Calls from Independent Cllr Kieran McCarthy to compulsory purchase order the derelict Lakeland’s Bar site on Avenue De Rennes have been rejected by planning officials in City Hall at the recent South East Local Area Meeting. Cllr McCarthy noted; “this site is in a very poor condition and is an eyesore in the area; it is also the key in unlocking the regeneration of the area around it and a key to furthering the Mahon Local Area Plan. There is not a community meeting that goes by in Mahon whereby the concern and frustration of locals is not vented about this site”.
Cork City Council in response to Cllr McCarthy’s motion acknowledges the poor condition of the Lakelands Bar site and the need for the removal of dereliction. To this end, a number of solutions are being considered by the Council.
Paul Moynihan, Head of Corporate Affairs has argued in his report to Cllr McCarthy that a compulsory purchase order is not considered appropriate at this time; “Acquisition of the site, without a clear plan for its use, would simply mean that the dereliction would fall upon the Council”.
Council Officers from Place-making, Property Services, and Strategic and Economic Development are currently considering the wider Avenue de Rennes area, including the Lakelands Bar site, and will develop the Council’s position over the coming months. The site is on the Derelict Site Register, with levies accruing. Should the site be compulsory purchased at a later-date, these levies can be deducted from the purchase price.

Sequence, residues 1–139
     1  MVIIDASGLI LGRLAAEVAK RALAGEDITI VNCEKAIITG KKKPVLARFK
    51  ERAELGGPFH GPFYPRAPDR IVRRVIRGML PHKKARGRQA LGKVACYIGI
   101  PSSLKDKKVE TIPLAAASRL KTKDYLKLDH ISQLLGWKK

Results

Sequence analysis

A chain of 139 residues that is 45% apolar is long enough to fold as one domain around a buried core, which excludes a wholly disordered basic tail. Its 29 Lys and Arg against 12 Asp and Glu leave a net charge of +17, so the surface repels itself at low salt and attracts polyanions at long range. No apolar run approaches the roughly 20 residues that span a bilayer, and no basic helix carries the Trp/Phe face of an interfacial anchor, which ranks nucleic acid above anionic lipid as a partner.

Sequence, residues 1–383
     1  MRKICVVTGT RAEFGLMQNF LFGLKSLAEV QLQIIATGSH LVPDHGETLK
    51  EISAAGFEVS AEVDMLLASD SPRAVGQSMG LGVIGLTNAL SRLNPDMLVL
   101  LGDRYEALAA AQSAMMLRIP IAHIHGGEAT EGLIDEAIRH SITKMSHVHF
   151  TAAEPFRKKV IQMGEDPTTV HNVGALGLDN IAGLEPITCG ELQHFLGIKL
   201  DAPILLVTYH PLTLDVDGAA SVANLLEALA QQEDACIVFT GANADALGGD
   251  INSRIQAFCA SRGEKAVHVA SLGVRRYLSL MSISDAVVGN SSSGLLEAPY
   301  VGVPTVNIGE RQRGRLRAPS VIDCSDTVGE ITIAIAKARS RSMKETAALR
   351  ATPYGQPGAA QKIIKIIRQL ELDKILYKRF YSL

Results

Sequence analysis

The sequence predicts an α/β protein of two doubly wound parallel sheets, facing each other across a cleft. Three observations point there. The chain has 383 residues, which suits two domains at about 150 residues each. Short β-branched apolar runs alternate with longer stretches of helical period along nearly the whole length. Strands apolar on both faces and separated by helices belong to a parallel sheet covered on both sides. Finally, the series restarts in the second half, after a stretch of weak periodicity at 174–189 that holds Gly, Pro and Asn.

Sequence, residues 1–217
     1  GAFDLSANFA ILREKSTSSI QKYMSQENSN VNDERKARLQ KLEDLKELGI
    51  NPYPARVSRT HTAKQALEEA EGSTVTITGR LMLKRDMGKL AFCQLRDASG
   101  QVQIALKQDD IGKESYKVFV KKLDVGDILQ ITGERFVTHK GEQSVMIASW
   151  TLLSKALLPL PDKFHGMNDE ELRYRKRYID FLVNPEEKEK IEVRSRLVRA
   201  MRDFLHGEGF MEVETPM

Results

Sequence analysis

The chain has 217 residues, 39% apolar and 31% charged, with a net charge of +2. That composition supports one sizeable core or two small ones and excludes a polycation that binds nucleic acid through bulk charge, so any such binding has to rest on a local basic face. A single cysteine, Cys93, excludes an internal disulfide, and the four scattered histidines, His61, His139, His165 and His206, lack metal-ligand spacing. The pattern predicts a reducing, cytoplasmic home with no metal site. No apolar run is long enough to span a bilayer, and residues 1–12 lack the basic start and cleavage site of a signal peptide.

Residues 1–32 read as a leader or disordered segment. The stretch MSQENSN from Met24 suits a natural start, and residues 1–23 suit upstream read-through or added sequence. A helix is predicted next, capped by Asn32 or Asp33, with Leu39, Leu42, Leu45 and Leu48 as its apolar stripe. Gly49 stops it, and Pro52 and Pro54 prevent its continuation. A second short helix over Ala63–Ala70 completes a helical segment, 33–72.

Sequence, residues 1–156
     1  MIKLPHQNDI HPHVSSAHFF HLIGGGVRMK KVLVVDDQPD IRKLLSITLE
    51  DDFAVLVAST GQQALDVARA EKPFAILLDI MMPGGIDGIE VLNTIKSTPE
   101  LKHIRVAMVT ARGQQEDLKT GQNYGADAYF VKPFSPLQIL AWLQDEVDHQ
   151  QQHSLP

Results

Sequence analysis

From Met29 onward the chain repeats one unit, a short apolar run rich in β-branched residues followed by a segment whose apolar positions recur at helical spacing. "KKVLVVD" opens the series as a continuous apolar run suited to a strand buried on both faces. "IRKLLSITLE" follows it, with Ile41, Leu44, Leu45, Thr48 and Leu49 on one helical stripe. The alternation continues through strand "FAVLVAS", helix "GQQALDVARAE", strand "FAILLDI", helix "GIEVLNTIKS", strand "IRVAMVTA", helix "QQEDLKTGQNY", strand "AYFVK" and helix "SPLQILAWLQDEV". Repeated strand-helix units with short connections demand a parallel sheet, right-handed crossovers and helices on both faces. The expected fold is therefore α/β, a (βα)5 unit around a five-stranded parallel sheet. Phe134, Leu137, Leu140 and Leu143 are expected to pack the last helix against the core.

In response Cllr McCarthy has noted; “this site has remained derelict and unattended to for many years. The look of the building on the outside is atrocious. If there is no plan by the owner, he or she should put the site on the open market. There have been petitions and calls for a public library in Mahon and affordable housing; the site adjacent to the building has also been subject to illegal dumping from other sources. The adjacent car park also remains in limbo and is in dire need of resurfacing. Such conditions completely jar against the very positive work of Mahon Community Centre and the Mahon Community Development Project and the community work of the local schools. The owner of the derelict site needs to use it or lose it. The local people of Mahon deserve better than what is currently there”.
The large number of public submissions is most welcome and to accommodate a good tract of public comment is also welcome.
I will be voting for this proposal.
I’m happier with this Docklands part 8 report than I was on the Morrison’s Island plan Part 8. There is more consultation than ever before on such a project.
For me the heritage of this area is important – the built and cultural heritage.